David Bourget (Western Ontario)
David Chalmers (ANU, NYU)
Rafael De Clercq
Jack Alan Reynolds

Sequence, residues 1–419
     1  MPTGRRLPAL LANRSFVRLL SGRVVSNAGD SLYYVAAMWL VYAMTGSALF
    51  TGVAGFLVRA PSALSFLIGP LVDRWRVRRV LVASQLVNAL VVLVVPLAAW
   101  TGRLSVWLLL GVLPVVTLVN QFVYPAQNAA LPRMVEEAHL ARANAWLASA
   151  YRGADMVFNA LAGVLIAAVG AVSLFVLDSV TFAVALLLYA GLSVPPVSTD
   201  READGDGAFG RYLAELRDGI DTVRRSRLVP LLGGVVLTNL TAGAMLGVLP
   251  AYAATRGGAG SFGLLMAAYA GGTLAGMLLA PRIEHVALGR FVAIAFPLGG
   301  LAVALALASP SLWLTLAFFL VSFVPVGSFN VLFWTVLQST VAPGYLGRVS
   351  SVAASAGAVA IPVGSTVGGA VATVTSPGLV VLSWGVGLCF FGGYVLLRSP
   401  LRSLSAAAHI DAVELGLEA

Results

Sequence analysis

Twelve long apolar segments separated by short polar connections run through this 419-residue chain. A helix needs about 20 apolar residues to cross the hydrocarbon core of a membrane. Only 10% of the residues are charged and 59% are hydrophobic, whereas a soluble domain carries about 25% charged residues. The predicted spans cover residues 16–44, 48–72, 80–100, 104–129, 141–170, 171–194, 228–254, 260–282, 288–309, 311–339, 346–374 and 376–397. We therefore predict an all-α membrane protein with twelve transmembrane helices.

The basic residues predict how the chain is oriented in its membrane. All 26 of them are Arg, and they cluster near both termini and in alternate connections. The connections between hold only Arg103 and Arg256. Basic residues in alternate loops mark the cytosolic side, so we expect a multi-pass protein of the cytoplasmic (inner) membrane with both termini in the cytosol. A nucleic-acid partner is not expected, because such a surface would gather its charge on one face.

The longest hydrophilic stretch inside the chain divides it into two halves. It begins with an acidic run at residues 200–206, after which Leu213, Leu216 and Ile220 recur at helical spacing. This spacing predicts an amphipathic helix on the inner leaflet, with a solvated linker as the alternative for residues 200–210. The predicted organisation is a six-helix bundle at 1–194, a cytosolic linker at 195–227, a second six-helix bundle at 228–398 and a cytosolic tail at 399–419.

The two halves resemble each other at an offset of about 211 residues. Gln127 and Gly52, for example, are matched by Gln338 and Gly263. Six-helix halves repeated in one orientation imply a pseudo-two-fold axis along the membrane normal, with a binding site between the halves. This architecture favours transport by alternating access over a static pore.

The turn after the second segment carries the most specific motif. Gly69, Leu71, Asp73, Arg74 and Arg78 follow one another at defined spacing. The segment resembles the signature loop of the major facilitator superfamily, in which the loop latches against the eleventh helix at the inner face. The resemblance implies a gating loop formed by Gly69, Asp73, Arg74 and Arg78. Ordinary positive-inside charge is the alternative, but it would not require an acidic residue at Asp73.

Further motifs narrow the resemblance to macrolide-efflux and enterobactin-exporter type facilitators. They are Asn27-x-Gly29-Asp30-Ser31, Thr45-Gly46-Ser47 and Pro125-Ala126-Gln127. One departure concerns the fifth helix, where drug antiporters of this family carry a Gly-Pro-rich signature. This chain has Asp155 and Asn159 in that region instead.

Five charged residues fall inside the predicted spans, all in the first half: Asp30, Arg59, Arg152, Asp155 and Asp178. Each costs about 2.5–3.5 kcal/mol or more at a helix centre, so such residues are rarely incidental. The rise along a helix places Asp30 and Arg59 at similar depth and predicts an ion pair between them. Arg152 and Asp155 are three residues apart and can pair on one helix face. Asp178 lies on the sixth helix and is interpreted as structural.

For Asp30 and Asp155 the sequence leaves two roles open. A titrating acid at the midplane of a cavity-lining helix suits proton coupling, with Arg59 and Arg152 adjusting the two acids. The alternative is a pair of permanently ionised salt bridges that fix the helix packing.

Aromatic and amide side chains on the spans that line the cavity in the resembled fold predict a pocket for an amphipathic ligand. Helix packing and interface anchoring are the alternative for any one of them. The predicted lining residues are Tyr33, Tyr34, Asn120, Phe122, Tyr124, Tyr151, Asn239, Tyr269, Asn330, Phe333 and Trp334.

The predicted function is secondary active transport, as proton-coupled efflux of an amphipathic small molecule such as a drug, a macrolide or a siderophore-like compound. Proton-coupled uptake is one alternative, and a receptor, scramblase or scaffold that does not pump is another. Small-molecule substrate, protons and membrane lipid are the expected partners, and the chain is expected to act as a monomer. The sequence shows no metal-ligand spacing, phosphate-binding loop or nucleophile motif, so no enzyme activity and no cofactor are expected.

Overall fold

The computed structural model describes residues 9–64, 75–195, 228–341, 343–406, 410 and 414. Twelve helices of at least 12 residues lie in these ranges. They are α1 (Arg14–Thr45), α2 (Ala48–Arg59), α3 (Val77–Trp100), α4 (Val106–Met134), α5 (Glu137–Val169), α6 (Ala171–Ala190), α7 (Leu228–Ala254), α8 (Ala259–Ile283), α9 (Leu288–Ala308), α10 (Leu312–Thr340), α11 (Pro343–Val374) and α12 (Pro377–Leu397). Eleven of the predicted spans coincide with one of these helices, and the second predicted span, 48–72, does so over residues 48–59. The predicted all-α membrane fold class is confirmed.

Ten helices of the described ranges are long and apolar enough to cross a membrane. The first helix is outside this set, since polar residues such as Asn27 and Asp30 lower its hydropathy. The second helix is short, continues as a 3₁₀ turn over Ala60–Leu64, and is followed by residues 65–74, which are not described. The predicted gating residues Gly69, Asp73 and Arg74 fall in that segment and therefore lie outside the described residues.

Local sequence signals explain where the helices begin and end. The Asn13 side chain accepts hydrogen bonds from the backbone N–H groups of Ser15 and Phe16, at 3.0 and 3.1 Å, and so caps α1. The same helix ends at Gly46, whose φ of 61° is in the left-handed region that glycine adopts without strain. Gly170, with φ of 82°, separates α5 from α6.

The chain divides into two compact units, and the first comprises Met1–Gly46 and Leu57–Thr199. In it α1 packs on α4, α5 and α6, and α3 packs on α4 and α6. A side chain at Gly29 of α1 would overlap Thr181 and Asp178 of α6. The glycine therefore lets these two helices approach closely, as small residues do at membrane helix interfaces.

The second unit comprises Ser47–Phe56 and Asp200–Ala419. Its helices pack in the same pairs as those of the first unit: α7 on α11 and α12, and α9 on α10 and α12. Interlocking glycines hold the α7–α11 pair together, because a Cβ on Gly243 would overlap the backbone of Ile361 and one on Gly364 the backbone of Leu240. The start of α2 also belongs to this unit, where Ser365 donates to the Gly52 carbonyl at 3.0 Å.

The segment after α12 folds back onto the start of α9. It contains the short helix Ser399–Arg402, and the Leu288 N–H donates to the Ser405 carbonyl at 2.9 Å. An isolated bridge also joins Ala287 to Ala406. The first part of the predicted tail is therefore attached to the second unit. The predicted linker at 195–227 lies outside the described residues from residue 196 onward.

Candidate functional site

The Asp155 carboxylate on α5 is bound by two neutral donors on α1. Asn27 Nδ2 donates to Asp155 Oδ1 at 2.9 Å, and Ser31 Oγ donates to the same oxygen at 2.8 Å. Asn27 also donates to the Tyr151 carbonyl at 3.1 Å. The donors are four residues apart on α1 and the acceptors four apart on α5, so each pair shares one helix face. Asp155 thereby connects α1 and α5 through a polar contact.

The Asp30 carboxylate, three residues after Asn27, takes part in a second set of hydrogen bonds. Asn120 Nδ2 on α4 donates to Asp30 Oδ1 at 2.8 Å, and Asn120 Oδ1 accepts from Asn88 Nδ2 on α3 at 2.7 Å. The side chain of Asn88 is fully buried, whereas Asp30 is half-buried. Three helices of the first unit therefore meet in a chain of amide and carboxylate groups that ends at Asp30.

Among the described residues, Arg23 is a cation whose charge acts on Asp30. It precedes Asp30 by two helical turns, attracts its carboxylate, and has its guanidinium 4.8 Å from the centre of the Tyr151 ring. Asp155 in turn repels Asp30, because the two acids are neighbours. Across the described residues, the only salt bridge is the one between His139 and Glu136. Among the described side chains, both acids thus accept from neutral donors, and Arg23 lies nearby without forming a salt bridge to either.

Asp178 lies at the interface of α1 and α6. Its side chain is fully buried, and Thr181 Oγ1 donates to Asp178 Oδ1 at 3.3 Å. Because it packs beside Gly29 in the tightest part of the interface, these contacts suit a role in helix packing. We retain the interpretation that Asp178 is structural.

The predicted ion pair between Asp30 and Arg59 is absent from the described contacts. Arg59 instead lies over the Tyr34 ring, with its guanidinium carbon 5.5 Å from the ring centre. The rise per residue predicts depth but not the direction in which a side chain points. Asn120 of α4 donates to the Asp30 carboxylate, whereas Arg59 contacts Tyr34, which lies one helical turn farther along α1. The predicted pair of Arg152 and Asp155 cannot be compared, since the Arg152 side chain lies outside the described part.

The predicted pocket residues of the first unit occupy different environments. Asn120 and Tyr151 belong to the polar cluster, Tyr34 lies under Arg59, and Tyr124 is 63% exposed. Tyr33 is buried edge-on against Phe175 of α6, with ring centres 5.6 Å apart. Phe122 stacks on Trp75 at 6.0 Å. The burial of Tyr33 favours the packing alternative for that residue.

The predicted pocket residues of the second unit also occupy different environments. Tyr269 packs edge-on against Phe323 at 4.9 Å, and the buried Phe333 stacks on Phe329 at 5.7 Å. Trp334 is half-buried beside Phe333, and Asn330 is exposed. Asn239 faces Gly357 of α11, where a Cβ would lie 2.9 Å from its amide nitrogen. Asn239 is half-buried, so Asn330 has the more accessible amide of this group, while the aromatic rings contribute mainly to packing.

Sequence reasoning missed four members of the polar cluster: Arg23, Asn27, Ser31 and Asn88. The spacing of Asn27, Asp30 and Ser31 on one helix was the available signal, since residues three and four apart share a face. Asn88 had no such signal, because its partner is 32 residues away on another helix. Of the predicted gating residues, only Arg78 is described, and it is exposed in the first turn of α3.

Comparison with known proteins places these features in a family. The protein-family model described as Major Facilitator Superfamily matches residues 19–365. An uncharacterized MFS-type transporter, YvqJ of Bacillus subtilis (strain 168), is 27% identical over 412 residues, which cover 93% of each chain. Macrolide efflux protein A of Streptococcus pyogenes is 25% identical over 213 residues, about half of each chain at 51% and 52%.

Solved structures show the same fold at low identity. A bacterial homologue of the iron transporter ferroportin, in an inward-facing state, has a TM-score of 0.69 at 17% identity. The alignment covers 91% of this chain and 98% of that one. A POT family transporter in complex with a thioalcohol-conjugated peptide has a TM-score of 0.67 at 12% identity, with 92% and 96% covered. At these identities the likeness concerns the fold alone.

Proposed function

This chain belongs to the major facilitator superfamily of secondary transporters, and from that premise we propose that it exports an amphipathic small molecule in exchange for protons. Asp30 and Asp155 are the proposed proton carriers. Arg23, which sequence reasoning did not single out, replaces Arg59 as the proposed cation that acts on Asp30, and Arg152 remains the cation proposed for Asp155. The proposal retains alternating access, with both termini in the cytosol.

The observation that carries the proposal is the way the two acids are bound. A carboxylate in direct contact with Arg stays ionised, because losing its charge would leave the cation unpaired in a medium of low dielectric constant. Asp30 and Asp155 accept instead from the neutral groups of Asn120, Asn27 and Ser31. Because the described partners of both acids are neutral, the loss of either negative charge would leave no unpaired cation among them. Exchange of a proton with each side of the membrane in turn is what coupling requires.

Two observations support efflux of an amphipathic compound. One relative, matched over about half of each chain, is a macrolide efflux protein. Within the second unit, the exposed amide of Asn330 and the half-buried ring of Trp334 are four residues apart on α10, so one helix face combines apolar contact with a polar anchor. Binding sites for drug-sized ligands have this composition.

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It is a great pleasure to have the opportunity to contribute to this volume dedicated to the critical celebration of Stephen Schiffer’s very considerable philosophical achievements. My focus will be on his recent work on vagueness.1 The broad direction of Schiffer’s researches in this area has been to give priority to what we may call the characterisation problem: the problem of saying what the vagueness of expressions of natural language consists in or, more specifically – since Schiffer takes it as a given that the vagueness he is targeting consist in a propensity of vague expressions to give rise to borderline cases —the problem of saying what being a borderline case of the concept expressed by a vague expression consists in. This has not been a main preoccupation of most of the work in the field since the vagueness “boom” started in the mid 1970s. There has been a tendency to jump straight into devising semantic theories for vague languages, usually aimed at twin desiderata of saving classical logic and dissolving the various paradoxes of vagueness, with a principal focus on the standard sorites, and occasional glances at the Forced March, and others.2 Of course, such work has inevitably implicated commitment to broad conceptions of vagueness, and of borderline cases, of various kinds. The classical epistemicist approach, for example, conceives of borderline cases as instances whose correct classification in terms of the relevant concept is, for reasons it attempts to explain, unknowable. Semantic indeterminist approaches, by contrast, tend (often implicitly) to conceive of borderline cases as items to which the concept in question neither applies nor fails to apply and as coming about because our practice with the concept leaves it, in effect, merely partially defined and so ‘gappy’. A variation on this, still semantic indeterminist, regards vagueness as consisting in a phenomenon akin to divided reference, whereby a predicate, for example, may be associated with a range of extensionally distinct best candidates to be the property it refers to; borderline cases are then items which exemplify some but not all of these properties..
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